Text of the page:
Lee Odden: What are some of the top resources that you rely on from a marketing perspective?
Nothing beats a peer network. Building a great network of other marketers is fantastic, and it really needs to be an authentic network. @alexandra_gobbi
Alex Gobbi: You know, I think nothing beats a peer network. Building a great network of other marketers is fantastic, and it really needs to be an authentic network.
I have found over my career that people I’ve worked with or people I’ve had the opportunity to interact with and to get to know are the people that I can just pick up the phone or send a quick text to and say, hey, I’m struggling with this. Do you have any advice, or, who do you know that does this type of work, or what are some of the metrics that you use? For those types of questions, I think my network been great for me.
I would also say that I’ve really gained a huge appreciation for all of the organizations that make marketing successful, whether it’s your PR agency, your digital agency, or your demand gen agency. I’ve had fantastic partners along the way that I’ve come to rely on, and that have really educated me in a lot of areas that have been key to my success or to our organization’s success. So those will be some of the people that I would reach out to.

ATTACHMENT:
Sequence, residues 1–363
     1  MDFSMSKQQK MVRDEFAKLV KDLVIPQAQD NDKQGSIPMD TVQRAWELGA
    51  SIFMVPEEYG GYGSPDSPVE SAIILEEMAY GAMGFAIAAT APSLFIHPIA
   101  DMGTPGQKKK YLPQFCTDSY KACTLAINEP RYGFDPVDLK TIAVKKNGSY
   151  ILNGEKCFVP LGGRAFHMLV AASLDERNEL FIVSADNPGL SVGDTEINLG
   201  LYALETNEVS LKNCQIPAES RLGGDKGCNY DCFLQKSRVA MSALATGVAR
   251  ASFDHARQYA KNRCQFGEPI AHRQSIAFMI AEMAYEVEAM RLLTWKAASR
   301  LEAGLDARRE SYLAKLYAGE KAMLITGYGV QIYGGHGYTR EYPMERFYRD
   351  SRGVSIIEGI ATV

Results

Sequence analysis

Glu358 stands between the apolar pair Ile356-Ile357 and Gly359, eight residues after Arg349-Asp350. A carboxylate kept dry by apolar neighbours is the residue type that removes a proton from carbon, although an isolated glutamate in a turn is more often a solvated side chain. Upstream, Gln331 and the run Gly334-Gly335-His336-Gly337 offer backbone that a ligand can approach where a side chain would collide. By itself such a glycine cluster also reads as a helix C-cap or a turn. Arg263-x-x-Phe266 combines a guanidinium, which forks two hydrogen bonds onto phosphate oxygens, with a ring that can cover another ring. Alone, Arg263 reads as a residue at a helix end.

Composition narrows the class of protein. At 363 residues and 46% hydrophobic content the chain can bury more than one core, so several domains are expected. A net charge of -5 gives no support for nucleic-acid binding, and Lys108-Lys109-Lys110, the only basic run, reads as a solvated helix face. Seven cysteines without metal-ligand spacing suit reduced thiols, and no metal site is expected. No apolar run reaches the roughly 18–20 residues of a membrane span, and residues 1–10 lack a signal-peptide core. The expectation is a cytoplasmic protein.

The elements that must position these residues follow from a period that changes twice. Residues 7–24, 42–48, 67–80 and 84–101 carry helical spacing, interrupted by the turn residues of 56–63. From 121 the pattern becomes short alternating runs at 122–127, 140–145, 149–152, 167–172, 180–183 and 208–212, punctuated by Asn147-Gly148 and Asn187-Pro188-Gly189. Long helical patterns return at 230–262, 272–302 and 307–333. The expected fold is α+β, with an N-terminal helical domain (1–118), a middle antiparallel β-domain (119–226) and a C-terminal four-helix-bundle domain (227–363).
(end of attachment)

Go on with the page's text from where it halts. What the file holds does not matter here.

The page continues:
Lee Odden: What are some of your top digital marketing priorities for 2020? What are some high level areas that you feel like you’re really going to focus on?
Alex Gobbi: We just implemented ABM technology last year and it’s been phenomenal in terms of the impact that it’s already had through initial pilots and now the rollout to the organization. I think continuing to hone our account-based marketing skills is going to be a key priority, and really thinking about how we apply our core demand gen engine paired with account based marketing to be successful. What does that look like in terms of ABM 2.0, if you will, in terms of website personalization and all of those things. That would be one of the key priorities that we have for next year.
I would say a second priority is continuing to simplify our portfolio. Secureworks has a very broad portfolio of end-to end-products and solutions in the security operations space. I think, from a marketing perspective, the more we can simplify and bundle offerings the easier we make it to position and digest end-to-end value propositions for our sellers as well as full marketing is always going to be another priority for us.
Lee Odden: That makes sense. My last question for you, Alex, is what are you most excited about for the upcoming B2B SMX conference in Boston?
Alex Gobbi: Well, as you know, when you and I first spoke of, you know, this is my first B2B Sales and Marketing Exchange. So for me, it’s really very exciting to attend and get to know the perspective of some of my peers as well as some of the other presenters. I love that it is purely B2B focused and I actually love that it is marketing and sales focused. So I think just in general, the whole theme and the concept for the conference is something that I’m excited about, and building new connections.
Lee Odden: Fantastic. Thank you for your time, Alex!